A place where visitors can create, share, and connect with each other around content. Create means that visitors contribute their own ideas, objects, and creative expression to the institution and to each other. Share means that people discuss, take home, remix, and redistribute both what they see and what they make during their visit. Connect means that visitors socialize with other people — staff and visitors — who share their particular interests. Around content means that visitors' conversations and creations focus on the evidence, objects, and ideas most important to the institution in question.
In this context of involvement, interdisciplinarity and openness, this paper describes the case of the MuseumApp, a new mobile tool for heritage institutions. The paper explores:. Plate states that in the 20th century the western world has seen the rise of the themed walking route as a cultural product offered to tourists for consumption, enabling them to experience the urban and rural landscape as they purchase the tour.
These walks are best understood in the context of re-establishing our relationship to the past through the experience of place. And the act of walking as a first step in 'interacting' with the environment. Through the advent of locative media, this experience can be further enhanced. As experiencing a city is an infinitely personal and dynamic process, the cultural walk rather than the historical walk can be considered a personal mapping of the city.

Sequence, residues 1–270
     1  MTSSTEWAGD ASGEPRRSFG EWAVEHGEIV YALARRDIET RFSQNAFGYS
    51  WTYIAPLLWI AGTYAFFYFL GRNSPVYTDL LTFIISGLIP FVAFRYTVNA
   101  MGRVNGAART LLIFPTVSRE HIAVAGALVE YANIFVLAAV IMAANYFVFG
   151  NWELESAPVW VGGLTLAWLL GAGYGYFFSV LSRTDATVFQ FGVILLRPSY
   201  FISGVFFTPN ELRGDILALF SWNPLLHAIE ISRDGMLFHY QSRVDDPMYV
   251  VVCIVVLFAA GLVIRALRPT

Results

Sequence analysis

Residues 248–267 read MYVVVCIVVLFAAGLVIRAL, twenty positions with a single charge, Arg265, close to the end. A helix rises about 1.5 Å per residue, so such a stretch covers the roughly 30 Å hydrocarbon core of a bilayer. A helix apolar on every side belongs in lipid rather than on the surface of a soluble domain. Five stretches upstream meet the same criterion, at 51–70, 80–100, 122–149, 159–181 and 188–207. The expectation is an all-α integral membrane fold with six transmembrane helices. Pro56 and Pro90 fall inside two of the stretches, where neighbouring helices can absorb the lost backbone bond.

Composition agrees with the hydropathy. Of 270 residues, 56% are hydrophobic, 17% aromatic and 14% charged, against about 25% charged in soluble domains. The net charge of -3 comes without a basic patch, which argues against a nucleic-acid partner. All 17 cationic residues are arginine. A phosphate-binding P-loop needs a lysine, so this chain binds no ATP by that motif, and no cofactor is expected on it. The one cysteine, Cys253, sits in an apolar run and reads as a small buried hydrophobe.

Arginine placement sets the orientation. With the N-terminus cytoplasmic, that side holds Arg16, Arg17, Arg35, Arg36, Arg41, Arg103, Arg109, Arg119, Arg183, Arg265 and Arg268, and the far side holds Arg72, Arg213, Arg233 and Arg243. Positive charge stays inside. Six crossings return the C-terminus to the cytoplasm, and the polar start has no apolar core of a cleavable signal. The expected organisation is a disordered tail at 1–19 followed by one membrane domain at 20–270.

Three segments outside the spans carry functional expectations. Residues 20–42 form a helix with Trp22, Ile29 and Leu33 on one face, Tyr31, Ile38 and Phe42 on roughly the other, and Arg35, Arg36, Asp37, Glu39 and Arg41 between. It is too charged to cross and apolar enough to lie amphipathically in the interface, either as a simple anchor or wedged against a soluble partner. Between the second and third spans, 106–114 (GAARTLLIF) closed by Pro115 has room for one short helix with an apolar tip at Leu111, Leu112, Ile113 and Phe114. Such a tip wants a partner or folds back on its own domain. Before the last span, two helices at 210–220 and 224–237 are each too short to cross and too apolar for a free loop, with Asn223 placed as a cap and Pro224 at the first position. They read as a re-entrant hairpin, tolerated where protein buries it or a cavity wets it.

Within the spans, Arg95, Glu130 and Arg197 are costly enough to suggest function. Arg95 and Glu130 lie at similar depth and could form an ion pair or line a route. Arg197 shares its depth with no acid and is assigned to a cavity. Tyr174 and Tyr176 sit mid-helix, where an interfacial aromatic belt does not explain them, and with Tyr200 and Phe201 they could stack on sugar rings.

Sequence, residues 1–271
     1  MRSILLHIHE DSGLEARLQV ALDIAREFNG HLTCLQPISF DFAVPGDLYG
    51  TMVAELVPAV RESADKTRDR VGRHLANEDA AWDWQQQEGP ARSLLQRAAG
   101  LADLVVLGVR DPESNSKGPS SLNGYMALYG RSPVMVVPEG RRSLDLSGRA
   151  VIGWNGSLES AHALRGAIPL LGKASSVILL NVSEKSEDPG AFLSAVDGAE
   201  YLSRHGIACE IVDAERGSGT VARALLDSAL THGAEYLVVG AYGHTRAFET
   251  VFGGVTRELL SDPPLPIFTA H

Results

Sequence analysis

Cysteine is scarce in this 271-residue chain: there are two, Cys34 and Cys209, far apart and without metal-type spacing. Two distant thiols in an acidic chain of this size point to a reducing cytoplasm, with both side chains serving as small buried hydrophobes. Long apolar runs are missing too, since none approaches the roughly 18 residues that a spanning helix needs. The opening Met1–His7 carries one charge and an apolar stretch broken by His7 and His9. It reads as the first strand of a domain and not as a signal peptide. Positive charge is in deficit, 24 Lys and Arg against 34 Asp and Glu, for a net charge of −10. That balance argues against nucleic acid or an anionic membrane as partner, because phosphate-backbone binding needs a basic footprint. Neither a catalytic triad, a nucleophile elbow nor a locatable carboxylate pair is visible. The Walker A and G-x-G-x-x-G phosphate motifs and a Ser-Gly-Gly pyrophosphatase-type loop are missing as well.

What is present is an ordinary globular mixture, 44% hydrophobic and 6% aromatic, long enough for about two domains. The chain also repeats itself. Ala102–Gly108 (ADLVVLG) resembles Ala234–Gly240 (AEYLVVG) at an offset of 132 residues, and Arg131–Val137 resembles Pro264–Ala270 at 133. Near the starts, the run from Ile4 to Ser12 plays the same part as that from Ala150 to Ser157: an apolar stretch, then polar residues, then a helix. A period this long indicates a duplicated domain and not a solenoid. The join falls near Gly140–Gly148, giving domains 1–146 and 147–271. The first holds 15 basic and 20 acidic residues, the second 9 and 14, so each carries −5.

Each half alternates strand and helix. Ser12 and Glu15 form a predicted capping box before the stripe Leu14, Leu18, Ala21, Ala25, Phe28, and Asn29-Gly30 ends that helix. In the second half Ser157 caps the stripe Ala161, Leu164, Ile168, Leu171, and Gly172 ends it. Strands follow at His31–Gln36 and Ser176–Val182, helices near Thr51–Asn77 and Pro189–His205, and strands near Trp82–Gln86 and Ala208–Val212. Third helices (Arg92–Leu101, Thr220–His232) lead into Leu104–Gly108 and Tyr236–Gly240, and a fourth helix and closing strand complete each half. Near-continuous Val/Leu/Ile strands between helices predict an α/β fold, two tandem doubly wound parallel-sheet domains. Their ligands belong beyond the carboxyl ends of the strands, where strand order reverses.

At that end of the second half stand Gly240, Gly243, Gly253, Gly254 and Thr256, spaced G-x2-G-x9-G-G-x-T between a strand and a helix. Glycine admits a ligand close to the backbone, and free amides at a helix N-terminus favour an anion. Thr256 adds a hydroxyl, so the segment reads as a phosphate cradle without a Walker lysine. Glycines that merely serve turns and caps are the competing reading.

Left to our own devices we all notice different things, meet different people, etc. But the identity of the city is also dynamic as we experience it over and over again Huyssen, By marking physical spots in the urban landscape as the places where recent formative historic events happened, museums memorialize explicitly the city's identity — a practice which could and should be dynamic and flow the way the city's identity is constantly evolving, challenged and adjusted.
But often museum practice does not allow on-the-fly or bottom-up adjustments, due to technical or logistic restrictions that prevent published tours from being updated and altered easily. Experiencing the city's identity — feeling where 'it' happened, turning facts into experiences — can help in understanding the diversity of this complex identity. Although the city shows "a past that is not our own, we can relate to it as if it was our own past.